Gay Republicans respond to shooting at Family Research Council

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Log Cabin Republicans, the nation's largest gay GOP group, responded to reports of a shooting outside the Family Research Council’s Washington, D.C. office.

LCR executive director R. Clarke Cooper, in a statement released about 2:40 p.m. Aug. 15, said, “As fellow conservatives, Log Cabin Republicans are often in the same room with the Family Research Council. Though we rarely see eye to eye, we absolutely condemn the violence that occurred today."

Cooper also said, “Keeping in mind that at this time we know little about the shooter or his motives, whatever our political disagreements, in this country, we use ballots, not bullets, to address them. We offer prayers for the injured security guard, his family, and everybody at the FRC building, barely a fifteen minute walk away from Log Cabin Republicans national headquarters. In many ways, this is a reminder that we aren't so far apart.”

The shooting took place earlier in the day.

First reports said that a security guard was wounded in the arm and police had taken a suspect into custody.

The Washington Post reported that D.C. Police Chief Cathy Lanier said the shooter walked into the lobby of the building at about 10:45 and was confronted by the security guard as if the guard were asking him where he was going.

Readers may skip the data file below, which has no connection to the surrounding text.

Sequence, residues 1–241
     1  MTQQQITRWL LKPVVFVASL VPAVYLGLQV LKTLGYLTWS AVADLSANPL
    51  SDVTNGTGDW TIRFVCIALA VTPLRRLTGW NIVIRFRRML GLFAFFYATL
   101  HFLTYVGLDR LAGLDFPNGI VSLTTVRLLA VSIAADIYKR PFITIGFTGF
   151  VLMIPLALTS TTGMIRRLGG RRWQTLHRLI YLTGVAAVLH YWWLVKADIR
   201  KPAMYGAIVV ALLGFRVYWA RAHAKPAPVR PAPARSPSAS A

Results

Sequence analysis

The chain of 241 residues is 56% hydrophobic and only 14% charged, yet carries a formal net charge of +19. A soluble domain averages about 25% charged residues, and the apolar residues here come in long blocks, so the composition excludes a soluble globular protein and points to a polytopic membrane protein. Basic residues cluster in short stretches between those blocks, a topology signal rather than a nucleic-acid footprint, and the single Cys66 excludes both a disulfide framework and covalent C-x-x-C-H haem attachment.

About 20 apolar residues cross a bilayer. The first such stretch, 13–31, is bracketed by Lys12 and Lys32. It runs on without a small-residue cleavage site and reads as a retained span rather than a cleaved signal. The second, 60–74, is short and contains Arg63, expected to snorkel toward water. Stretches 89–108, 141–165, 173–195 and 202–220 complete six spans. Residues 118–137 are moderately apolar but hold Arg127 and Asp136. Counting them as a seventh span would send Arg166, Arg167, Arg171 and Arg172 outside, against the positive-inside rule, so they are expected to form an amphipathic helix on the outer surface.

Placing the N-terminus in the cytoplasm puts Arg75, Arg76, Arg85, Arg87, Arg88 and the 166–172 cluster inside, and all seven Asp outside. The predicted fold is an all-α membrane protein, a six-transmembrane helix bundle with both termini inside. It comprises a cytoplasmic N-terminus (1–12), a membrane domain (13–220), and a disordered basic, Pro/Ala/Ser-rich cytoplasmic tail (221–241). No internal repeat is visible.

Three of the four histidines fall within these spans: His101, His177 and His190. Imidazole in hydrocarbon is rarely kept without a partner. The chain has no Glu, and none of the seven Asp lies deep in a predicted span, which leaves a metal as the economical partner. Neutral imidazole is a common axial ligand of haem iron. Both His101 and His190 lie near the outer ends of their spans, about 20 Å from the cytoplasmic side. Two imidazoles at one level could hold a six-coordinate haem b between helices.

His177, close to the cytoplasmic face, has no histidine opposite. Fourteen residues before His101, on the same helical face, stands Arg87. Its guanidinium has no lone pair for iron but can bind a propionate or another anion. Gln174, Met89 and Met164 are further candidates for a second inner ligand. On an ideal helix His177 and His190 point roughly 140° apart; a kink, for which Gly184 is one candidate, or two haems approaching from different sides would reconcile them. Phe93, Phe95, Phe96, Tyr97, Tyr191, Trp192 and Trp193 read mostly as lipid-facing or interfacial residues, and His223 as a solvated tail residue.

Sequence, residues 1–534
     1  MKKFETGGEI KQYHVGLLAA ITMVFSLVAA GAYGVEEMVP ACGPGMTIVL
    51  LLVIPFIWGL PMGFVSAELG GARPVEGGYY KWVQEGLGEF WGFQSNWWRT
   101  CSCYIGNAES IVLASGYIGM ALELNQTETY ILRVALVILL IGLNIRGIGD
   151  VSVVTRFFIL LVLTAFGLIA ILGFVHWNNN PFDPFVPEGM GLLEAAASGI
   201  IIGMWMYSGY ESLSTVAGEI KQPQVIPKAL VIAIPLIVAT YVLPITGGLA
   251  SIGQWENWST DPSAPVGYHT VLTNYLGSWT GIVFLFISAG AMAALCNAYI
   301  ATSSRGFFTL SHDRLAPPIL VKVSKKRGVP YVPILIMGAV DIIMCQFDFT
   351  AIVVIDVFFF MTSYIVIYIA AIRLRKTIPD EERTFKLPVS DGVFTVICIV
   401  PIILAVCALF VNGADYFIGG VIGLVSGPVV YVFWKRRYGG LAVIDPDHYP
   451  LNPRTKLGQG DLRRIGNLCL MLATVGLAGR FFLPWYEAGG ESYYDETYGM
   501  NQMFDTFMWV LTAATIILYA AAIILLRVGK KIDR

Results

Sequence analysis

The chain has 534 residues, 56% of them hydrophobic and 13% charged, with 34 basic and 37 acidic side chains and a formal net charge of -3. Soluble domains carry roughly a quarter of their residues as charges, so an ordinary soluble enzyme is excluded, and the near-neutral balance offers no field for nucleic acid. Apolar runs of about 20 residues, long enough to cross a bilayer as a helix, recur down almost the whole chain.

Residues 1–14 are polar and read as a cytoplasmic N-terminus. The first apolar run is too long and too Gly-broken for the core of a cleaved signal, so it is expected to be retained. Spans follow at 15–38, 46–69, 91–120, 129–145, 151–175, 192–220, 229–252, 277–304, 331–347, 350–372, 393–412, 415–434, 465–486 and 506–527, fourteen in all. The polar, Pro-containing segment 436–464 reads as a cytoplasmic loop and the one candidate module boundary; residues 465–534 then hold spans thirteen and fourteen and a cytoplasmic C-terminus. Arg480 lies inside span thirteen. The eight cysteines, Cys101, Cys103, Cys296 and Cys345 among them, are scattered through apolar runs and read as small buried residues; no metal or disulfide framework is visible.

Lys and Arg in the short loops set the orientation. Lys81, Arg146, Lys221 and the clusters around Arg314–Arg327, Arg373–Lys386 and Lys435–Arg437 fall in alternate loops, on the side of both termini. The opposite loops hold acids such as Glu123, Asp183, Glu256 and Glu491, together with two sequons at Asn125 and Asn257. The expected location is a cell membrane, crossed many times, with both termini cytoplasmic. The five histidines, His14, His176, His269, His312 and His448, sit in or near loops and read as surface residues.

The man then took out a gun and opened fire on the guard, Lanier told the post. The guard and others wrestled the man to the ground, disarmed him and waited for police, she said.

The FRC advertises itself as "the leading voice for the family in our nation’s halls of power," but the Southern Poverty Law Center describes the organization as a hate group.

The SPLC says, "The FRC often makes false claims about the LGBT community based on discredited research and junk science. The intention is to denigrate LGBT people in its battles against same-sex marriage, hate crimes laws, anti-bullying programs and the repeal of the military’s 'Don’t Ask, Don’t Tell' policy."

The FRC emerged as a powerhouse in the Christian right during the early 1980s, with Ronald Reagan in the White House.